Intel NUC10i7FNH Review: Powerful, Palm-Sized 6-Core Mini PC

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Intel NUC NUC10i7FNH: Power, Acoustics, And The Verdict

Throughout all of our benchmarking and testing, we also monitored how much power our test systems consumed using a power meter to give you an idea as to how much power each configuration used while idling and while under a heavy workload. Please keep in mind that we were testing total system power consumption at the outlet here, and not a particular component...

Total System Power Consumption
Tested at the Outlet

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This is some interesting power data to say the least. As you can see, idle power and extremely low, especially considering how much performance the NUC10i7FNH is packing into its tiny chassis. Load power, however, is relatively high for a NUC and puts the system in-line with some full-sized desktops. This is peak power, however. Digging in a little deeper reveals some more wrinkles...

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10th gen nuc temps

The NUC10i7FNH's power profile it tuned to allow all six processor cores to run flat out, until temperatures hit around 100'C for a short length of time. Then the processor throttles, temps come down to 84'C, and power consumption is cut in half. This configuration makes the NUC10i7FNH a strong performer for shorter, bursty workloads and for short duration, heavily-threaded workloads. With longer, sustained workloads though, the machine can't maintain the same level over performance, similar to many of today's thin-and-light notebooks. 

Intel NUC NUC10i7FNH Acoustic Profile

There is a an active cooler in the NUC10i7FNH, complete with a dense heatsink array and a couple of heat-pipes, and venting on three sides of the systems. Given the low-power of the system when idling or with less-taxing workloads, the Intel NUC10i7FNH remains virtually silent until it is under a heavy workload. When the CPU and motherboard temperature are low, the active cooler in the system is barely audible. With typical, bursty desktop workloads, the fan in the machine will spin up, but it remains quiet overall and emits only a dull whir. If the system remains under a sustained workload for an extended period though, the fan in the NUC10i7FNH will spin up faster and generate  more noise. The system is not obtrusively loud under load, but you most certainly can hear it across the room.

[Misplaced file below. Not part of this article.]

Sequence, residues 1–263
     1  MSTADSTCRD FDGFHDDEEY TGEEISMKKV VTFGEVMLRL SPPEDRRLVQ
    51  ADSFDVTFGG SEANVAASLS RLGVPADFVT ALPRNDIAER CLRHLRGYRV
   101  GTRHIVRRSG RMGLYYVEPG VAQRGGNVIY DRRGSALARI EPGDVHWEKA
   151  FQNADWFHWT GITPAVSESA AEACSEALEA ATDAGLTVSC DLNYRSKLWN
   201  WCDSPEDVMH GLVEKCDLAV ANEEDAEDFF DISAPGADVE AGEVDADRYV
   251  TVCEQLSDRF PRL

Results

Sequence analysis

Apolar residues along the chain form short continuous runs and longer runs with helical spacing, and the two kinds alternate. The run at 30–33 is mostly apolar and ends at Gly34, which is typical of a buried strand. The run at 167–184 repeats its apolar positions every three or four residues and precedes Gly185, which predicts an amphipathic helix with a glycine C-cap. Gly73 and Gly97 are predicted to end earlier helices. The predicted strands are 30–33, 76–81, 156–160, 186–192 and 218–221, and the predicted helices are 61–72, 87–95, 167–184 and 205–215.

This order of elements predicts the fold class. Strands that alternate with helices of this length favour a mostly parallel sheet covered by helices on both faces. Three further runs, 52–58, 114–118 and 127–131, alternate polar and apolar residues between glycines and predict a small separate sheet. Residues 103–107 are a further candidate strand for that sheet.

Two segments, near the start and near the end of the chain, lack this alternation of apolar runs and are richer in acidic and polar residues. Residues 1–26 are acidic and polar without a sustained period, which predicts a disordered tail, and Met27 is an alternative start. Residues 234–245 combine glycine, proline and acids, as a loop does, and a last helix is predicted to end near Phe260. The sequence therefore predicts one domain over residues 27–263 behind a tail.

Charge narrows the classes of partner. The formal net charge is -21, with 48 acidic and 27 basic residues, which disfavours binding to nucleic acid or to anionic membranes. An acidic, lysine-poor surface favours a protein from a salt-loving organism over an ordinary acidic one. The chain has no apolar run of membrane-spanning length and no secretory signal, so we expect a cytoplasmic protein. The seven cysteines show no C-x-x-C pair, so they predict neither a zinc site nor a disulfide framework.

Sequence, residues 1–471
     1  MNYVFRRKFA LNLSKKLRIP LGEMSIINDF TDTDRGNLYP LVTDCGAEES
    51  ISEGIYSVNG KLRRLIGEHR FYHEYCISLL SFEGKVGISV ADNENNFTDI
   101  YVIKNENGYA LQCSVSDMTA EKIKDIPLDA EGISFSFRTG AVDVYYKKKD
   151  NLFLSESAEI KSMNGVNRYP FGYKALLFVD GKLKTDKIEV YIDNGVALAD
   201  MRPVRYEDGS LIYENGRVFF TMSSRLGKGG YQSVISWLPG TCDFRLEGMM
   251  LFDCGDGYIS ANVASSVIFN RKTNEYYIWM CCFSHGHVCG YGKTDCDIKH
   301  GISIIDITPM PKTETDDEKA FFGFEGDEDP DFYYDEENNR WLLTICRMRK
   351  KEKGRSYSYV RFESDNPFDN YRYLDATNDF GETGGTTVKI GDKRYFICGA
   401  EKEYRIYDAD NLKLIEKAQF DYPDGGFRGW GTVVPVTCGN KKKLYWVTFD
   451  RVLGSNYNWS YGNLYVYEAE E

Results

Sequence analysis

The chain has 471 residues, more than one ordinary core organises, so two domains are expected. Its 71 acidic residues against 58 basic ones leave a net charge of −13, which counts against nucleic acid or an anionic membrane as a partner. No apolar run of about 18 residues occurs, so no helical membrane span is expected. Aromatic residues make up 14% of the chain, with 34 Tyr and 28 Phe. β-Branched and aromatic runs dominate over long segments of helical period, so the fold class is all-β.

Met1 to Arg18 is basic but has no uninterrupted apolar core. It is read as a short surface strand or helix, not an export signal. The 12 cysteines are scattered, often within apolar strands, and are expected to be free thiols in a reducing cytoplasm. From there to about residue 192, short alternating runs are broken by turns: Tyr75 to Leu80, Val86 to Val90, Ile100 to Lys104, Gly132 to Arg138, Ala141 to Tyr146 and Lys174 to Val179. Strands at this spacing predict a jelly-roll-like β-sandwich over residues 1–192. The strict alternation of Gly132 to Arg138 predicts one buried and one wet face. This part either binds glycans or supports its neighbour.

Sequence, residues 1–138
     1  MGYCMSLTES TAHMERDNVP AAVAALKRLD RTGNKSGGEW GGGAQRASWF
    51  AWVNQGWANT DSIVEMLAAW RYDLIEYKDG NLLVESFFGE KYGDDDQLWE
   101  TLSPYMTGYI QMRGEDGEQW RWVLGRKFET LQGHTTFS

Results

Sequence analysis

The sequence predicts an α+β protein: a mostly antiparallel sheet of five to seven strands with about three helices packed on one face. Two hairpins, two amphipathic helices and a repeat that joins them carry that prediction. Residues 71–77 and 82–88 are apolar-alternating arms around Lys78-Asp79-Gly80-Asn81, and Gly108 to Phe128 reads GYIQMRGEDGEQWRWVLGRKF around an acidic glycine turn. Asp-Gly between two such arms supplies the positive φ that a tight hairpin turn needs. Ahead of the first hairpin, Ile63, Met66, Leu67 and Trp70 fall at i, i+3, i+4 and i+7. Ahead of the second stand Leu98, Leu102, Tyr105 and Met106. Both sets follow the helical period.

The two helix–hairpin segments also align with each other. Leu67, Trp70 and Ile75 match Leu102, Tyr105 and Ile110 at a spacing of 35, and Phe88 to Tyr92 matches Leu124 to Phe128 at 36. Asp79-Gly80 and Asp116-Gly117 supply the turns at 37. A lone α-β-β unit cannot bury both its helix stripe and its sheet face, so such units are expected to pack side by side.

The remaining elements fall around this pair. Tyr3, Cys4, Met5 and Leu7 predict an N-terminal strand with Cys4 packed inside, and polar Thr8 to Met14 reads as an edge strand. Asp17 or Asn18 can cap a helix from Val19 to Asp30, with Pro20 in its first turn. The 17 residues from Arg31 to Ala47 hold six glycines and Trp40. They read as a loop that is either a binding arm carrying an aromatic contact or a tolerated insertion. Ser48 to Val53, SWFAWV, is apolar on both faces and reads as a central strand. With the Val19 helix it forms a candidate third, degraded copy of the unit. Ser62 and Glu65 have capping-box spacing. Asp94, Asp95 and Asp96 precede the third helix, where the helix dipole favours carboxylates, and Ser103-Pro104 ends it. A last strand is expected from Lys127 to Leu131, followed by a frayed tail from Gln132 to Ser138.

Performance Summary: Given its diminutive form factor, the Intel NUC10i7FNH is a high-performance little machine. Throughout our tests, the Intel NUC10i7FNH clearly outperformed previous-gen NUCs that topped out with quad-core processors in all of the multi-threaded tests, and single-threaded performance was among the best as well. In relation to a full sized / full power desktop, its performance falls somewhere in-line with previous-gen Core i5 and Ryzen 5-based systems. Graphics performance from the UHD engine is a weak point, however, and is right in-line with other Intel UHD 630-equipped processors from years past.

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Intel NUC10i7FNH Small Form Factor System -- Find Them At Amazon

As much as we love big, beefy, powerful gaming rigs and workstations around here, we dig these speedy, ultra small form factor systems just the same. The fact is, most non-enthusiast PC users, buy a system, set it up, and bang away on it for years without opening it up or upgrading. For users that can live without the flexibility, upgradability, and expansion potential of a full-sized desktop, these little NUCs make for great machines. Full confession -- my wife has been rocking a NUC-like Zotac mini-PC as her primary home desktop for years, with nary a complaint. This latest NUC amps-up CPU performance considerably, features the latest wireless connectivity, Thunderbolt and high-speed USB, a built-in card reader, and room for M.2 and 2.5" SATA storage solutions. The particular pre-configured setup we featured here currently sells for about $850. That's a little pricier than assembling your own mini-ITX rig, which would likley offer better performance, but you're not building a 4.4" x 4.6" x 2" machine with off-the-shelf parts no matter how hard you try, so a small price premium is reasonable here.

Overall, we really like the Intel NUC10i7FNH. If its integrated graphics are enough for your use case, and its tiny form factor are appealing to you, it's worth taking a closer look. This is the highest performing family of traditional 4.4" NUCs yet.



 hot  not
  • Strong Performance
  • Ultra Small Form Factor
  • WiFi 6 and Thunderbolt Ready
  • Built In Card Reader
  • Slight Price Premium
  • Could Use A Few More USB Ports

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